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Tribally affiliated child-care center environment and obesogenic behaviors in young children

Background Child-care centers are an integral part of life for many families with young children. American Indian children are at elevated health risk because of higher levels of obesity and associated health behaviors. Objective Our aim was to assess the child-care environment and children's physical activity (PA) and dietary intake in young children attending tribally affiliated child care. Design We conducted a cross-sectional study. Participants/setting Participants were from 11 tribally affiliated child-care centers across Oklahoma and included 82 children aged 3 to 5 years old. Main outcome measures Classroom observations were conducted using the Environmental and Policy Assessment Observation to measure PA and nutrition environments. Children wore an ActiGraph GT3X accelerometer and lunchtime plate waste was observed. Statistical analyses Descriptive statistics, including mean [plus or minus] standard deviation and frequencies, were calculated for the children's behaviors and environment. Results The total environment score was 23.9 [plus or minus] 5.2 (maximum=43). The nutrition score was 12.5 [plus or minus] 3.1 (maximum=21). The PA score was 11.7 [plus or minus] 2.2 (maximum=22). The participants were 3.8 [plus or minus] 0.1 years old, 55% were male, 67% were American Indian, and 38% were overweight or obese. Accelerometers were worn for 5.9 [plus or minus] 1.7 hours, excluding naptime. Children accumulated 4.3 [plus or minus] 2.2 min/h of moderate to vigorous PA, 4,294 [plus or minus] 1,883 steps/day, and 12.1 [plus or minus] 3.7 steps/min. At lunch, children were served 510 [plus or minus] 241 kcal, and consumed 387 [plus or minus] 239 kcal. Lunches consisted of 47% carbohydrate, 20% protein, and 33% fat. Total number of F/V served was 2.9 [plus or minus] 1.9 and consumed was 2.3 [plus or minus] 1.8, while whole grains served and consumed were 0.3 [plus or minus] 0.4 and 0.2 [plus or minus] 0.4, respectively, and lean proteins served and consumed were 0.3 [plus or minus] 0.4 and 0.2 [plus or minus] 0.4, respectively. Conclusions This study describes obesogenic aspects of the child-care environment and identifies areas for improvement. Children did not accumulate adequate PA or consume calories or fat excessively. Children consumed multiple F/V; however, more whole grains and lean proteins could be provided. Future research might investigate how the healthfulness of the child-care environment can be improved by counseling providers on nutrition and PA strategies to prevent obesity. (author abstract)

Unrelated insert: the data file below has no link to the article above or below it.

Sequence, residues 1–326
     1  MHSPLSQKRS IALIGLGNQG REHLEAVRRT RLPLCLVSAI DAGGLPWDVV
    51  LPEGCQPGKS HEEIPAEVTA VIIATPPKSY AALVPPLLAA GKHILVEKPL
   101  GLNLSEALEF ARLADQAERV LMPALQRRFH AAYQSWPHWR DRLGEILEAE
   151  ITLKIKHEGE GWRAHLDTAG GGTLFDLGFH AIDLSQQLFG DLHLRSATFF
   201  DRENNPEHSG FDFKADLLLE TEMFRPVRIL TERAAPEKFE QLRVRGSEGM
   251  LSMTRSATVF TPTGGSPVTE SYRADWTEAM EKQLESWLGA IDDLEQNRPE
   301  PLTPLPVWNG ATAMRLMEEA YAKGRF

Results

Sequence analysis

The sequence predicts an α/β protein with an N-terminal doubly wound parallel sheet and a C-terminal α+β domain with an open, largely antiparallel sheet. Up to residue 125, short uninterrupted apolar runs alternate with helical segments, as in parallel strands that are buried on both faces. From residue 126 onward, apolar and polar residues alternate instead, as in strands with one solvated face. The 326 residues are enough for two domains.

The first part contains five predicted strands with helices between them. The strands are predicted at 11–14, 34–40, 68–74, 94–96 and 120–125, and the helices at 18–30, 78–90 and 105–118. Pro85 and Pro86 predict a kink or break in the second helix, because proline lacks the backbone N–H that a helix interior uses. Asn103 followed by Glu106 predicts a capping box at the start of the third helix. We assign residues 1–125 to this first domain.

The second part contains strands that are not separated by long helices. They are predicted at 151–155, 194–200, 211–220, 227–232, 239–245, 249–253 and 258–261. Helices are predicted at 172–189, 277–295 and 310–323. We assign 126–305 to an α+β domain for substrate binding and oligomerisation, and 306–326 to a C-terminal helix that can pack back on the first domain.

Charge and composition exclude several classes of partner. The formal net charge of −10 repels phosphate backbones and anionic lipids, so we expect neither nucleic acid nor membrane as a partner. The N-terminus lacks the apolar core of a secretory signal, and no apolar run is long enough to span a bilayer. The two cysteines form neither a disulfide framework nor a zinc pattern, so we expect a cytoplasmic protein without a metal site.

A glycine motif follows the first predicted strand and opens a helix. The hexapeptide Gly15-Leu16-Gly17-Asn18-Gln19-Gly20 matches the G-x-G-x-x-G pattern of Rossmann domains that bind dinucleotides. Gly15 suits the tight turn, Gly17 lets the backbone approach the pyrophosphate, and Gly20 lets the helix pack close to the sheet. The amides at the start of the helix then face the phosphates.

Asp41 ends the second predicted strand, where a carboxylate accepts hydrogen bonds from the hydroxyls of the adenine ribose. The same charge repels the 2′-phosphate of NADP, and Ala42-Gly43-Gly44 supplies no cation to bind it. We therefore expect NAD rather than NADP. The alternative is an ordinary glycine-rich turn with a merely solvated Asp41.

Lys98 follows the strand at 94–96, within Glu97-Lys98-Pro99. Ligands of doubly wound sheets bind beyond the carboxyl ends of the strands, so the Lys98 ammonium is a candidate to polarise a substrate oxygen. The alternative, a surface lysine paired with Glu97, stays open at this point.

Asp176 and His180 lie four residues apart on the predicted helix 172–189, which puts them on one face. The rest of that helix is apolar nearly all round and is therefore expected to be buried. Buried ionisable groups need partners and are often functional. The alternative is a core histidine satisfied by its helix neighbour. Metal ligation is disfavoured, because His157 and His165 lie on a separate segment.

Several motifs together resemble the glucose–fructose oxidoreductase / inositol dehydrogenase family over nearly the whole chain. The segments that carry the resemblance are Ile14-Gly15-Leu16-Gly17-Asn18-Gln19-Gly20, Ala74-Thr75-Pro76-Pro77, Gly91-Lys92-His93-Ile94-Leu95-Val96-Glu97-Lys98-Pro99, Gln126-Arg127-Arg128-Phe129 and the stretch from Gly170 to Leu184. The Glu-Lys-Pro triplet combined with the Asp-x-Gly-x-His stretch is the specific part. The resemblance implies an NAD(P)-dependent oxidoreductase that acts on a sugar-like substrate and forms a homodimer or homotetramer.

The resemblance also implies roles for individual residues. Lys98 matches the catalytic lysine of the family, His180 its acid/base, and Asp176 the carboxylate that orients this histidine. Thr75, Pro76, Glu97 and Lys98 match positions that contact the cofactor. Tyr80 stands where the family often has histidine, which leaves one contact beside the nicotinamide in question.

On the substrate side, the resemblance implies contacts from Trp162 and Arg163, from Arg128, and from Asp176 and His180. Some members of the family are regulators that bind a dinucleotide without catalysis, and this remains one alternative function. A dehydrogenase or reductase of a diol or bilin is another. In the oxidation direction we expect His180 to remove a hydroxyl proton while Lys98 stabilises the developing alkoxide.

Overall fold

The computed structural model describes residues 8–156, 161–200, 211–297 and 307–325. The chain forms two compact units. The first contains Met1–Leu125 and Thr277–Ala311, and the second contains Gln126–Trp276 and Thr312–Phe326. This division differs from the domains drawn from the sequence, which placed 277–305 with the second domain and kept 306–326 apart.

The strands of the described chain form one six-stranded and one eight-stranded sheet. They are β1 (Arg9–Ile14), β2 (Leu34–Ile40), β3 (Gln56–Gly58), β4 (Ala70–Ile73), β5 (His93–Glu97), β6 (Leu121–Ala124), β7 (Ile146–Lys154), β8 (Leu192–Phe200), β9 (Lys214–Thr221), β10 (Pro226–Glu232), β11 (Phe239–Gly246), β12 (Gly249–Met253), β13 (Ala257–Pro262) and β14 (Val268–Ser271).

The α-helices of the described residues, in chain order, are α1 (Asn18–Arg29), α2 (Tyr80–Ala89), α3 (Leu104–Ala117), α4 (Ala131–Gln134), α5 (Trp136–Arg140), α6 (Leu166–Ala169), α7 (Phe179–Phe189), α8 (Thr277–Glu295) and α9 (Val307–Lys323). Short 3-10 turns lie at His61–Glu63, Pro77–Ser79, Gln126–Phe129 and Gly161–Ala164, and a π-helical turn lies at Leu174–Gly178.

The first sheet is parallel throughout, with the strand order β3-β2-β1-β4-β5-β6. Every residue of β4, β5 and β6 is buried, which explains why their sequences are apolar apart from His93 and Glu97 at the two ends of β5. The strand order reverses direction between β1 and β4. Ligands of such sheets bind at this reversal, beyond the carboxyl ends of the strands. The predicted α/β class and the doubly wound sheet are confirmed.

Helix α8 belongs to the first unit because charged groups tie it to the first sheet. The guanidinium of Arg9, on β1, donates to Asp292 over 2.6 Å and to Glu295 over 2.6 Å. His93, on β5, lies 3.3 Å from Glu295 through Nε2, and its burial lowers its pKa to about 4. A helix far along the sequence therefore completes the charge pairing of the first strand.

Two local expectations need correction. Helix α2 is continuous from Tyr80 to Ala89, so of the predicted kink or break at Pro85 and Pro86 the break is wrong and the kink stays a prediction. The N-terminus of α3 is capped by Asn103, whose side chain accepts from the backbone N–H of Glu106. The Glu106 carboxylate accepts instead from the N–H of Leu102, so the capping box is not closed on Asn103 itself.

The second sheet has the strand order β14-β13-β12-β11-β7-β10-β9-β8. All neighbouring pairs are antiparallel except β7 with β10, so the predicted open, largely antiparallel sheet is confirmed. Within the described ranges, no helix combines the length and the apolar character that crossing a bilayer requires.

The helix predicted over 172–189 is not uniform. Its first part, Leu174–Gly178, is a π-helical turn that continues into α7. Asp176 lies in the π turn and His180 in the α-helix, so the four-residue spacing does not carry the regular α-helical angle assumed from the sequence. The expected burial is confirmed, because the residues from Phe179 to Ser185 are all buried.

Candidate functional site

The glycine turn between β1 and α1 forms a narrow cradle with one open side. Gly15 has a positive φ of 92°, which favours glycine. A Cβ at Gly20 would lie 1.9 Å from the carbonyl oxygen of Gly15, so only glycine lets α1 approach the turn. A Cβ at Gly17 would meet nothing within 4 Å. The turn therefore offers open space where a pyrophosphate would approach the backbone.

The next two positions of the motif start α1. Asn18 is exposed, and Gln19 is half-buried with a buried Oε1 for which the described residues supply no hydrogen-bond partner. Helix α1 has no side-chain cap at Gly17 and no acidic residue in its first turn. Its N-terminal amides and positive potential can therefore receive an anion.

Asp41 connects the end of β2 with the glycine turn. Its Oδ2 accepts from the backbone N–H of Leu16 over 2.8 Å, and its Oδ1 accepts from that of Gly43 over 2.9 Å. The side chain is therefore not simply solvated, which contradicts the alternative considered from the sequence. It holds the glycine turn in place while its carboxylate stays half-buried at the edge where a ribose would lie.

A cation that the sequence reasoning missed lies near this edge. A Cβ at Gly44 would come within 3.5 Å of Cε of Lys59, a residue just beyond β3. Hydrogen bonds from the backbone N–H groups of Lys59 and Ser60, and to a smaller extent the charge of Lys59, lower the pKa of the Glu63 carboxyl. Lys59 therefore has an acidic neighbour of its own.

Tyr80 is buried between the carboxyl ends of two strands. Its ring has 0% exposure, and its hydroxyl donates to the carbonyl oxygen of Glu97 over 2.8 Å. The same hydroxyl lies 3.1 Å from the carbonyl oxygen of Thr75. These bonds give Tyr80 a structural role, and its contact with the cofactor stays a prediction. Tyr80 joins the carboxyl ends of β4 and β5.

Resource Type:
Reports & Papers
United States

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